All My Sons Review: Tragic Hero Shall Rise

Written on 17 July, 2016

How can a drama with merely one scene and a one-day timeframe, excavate so deeply into human nature? Howard Davies’s production of Arthur Miller’s 1947 play All My Sons is such an astonishing revival that utterly shows the destruction of family, love, idealism.

The story unfolds in the backyard of Joe Keller (David Suchet), a businessman whose factory once sold defective parts to the US airforce during the Second World War, causing the death of 21 pilots. His wife Kate (Zoë Wanamaker) is tortured by the disappearance of their beloved son Larry in the war and simply cannot accept the fact that he is gone. When Chris (Stephen Campbell-Moore), the surviving son, aspires to marry his dead brother’s fiancee Ann Deever (Jemima Rooper), the unbearable tension within the family is triggered.

The experience of viewing “Son” is almost like participating in a breathtaking detective game. From start to finish, new clues gradually come in — Joe’s strange and ambiguous reaction to the word “jail”, Kate’s slip of the tongue, Ann’s exposure of Larry’s letter. Smoothly but swiftly, the audience is guided through many question marks to a great exclamation mark.

Western drama derives from the Greek tragedies, where the protagonists are often considered as tragic heroes. So is for Joe, an ordinary family man, hardworking, genial, amiable. He does have some flaws, which forebode the arrival of a bloody climax. Suchet interprets Joe’s internal struggle in rich details, revealing the contradictory qualities of this character. Wanamaker brings much more weight by manipulating facial expression to convey latent messages. For instance, when she pretends to be joyful in the presence of Ann’s lawyer brother George (Daniel Lapaine) — the “play within a play” leaves an incredible imprint. Another great performance is when the doom strikes, she calls Joe’s name four times, mixing desperation, sadness and relief, which yields an unforgettable closing scene.

Davies spares no time to bore his audience, especially regarding his invented prologue – thunders cut through William Dudley’s realistically forested garden, while winds howling over the sky as if it is the airplane carrying Larry, with Paul Groothuis’s threatening sound effect. A decade ago, Davies has received many awards with the same play at the National Theatre, but it is obvious that he has proceeded much further with this new team.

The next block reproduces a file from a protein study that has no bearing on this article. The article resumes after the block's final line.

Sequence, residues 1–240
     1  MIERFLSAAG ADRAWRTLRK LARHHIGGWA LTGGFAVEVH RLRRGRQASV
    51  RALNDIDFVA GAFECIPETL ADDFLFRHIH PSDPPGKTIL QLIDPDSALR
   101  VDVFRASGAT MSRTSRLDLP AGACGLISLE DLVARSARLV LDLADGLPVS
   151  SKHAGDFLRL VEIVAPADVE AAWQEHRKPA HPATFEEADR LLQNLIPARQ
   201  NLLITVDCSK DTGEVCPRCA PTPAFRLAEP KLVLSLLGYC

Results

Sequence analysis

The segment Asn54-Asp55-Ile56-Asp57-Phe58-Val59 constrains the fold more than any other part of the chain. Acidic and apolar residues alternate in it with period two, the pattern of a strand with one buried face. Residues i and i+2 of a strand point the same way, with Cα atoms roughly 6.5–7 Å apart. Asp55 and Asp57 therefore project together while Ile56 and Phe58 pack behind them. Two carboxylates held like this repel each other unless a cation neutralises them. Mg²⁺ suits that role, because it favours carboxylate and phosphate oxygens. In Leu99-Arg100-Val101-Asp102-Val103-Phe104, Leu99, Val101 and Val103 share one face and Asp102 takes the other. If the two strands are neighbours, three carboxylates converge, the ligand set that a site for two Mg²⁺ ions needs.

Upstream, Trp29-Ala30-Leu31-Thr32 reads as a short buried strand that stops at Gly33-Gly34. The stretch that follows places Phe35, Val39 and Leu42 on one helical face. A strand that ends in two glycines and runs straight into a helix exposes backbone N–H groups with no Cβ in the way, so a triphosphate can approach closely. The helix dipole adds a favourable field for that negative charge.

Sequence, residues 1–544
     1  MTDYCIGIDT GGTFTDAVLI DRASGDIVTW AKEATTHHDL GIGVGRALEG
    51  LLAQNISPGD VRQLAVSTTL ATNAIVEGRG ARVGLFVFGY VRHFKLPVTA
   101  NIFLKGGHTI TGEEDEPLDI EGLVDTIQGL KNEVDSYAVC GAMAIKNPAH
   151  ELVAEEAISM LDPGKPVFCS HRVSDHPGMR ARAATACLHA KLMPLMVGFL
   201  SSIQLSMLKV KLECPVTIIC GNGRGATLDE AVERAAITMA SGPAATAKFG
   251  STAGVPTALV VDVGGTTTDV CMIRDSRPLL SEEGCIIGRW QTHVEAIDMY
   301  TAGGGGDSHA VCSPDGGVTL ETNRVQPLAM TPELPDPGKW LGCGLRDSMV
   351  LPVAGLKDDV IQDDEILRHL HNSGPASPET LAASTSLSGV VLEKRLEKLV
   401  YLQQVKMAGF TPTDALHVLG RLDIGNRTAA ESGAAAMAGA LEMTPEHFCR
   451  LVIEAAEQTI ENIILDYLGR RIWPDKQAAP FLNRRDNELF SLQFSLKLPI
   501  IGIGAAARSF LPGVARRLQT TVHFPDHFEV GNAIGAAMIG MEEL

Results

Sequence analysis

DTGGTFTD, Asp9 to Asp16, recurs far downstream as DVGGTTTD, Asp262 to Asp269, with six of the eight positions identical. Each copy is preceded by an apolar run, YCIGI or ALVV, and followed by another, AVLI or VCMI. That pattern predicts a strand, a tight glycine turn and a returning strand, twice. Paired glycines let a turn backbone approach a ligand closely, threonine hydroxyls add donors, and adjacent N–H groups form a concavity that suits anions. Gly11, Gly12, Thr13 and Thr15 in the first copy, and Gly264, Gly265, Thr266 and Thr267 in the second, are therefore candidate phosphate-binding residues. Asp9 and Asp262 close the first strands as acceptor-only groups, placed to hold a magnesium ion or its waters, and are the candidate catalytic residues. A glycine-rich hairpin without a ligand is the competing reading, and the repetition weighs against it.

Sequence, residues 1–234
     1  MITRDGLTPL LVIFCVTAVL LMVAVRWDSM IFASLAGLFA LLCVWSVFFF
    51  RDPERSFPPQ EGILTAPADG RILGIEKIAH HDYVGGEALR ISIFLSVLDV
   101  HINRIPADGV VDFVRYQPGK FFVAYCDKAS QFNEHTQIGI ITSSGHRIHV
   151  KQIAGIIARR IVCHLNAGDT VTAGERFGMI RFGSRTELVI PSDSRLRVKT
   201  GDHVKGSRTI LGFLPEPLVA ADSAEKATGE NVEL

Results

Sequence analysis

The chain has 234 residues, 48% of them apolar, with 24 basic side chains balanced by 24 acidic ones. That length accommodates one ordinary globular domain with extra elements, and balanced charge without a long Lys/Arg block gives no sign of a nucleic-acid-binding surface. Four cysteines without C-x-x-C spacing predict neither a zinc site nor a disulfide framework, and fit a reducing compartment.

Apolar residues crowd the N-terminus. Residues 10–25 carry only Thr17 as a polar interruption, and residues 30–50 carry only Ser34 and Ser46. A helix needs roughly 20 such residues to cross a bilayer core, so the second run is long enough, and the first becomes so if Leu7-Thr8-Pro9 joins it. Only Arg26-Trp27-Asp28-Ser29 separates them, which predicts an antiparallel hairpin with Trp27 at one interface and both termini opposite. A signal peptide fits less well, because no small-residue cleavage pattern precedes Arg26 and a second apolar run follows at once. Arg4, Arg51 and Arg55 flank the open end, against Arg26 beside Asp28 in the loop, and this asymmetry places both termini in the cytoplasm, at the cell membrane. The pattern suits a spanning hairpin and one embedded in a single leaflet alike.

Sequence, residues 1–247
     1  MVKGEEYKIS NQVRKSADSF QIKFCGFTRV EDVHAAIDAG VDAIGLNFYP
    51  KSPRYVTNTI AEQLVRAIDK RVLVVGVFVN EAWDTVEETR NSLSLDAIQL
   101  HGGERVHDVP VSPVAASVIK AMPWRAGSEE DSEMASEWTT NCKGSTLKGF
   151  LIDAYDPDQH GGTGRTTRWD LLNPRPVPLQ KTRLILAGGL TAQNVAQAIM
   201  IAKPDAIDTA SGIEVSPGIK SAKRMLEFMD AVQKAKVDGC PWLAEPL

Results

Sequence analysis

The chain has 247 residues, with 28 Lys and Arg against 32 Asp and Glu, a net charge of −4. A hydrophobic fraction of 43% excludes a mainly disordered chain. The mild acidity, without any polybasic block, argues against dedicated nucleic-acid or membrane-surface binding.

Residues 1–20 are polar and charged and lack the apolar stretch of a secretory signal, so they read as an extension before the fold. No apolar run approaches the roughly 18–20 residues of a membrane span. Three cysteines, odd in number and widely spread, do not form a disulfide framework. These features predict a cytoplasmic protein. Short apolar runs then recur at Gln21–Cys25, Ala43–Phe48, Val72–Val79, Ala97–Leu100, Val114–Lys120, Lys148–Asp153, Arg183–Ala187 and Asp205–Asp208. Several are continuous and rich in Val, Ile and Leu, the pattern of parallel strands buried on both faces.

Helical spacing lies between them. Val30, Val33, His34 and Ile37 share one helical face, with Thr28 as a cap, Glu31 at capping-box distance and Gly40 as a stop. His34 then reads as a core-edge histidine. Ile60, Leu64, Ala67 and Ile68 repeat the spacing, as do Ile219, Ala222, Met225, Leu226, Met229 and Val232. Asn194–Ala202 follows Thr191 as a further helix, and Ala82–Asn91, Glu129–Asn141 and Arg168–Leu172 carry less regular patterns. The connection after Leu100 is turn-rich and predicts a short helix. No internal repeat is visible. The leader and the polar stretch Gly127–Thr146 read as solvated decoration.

There’s excellent work from Dominic Muldowney’s sorrowful and reoccurring melody. Moreover, Mark Henderson’s lighting is worth a round of applause. Following the development of the unfolded secrecy, the bright daylight firstly shifts to a warm hue, then to a reddish-dark sunset, followed by a cold, blue night and later bathed in the blazing morning sunshine. This fabulous change allows the characters’ mood to transit accordingly.

“Son” is a penetrating work, which portrays a much bigger picture beyond a single household. Miller not only casts severe criticism and challenges over two pillars of the American dream: family and profit, but also underscores the importance of idealism. Approaching the end of the play, Chris bids his idealism farewell, marking the ebb of all the conflicts. Steven Elder, cast as the neighboring doctor, says, “Every man does have a star. The star of one’s honesty. And you spend your life groping for it, but once it’s out it never lights again.”

If “Son” has successfully torn up all the beauty in front of you, it is time to cherish your own star before it is eroded by merciless reality.

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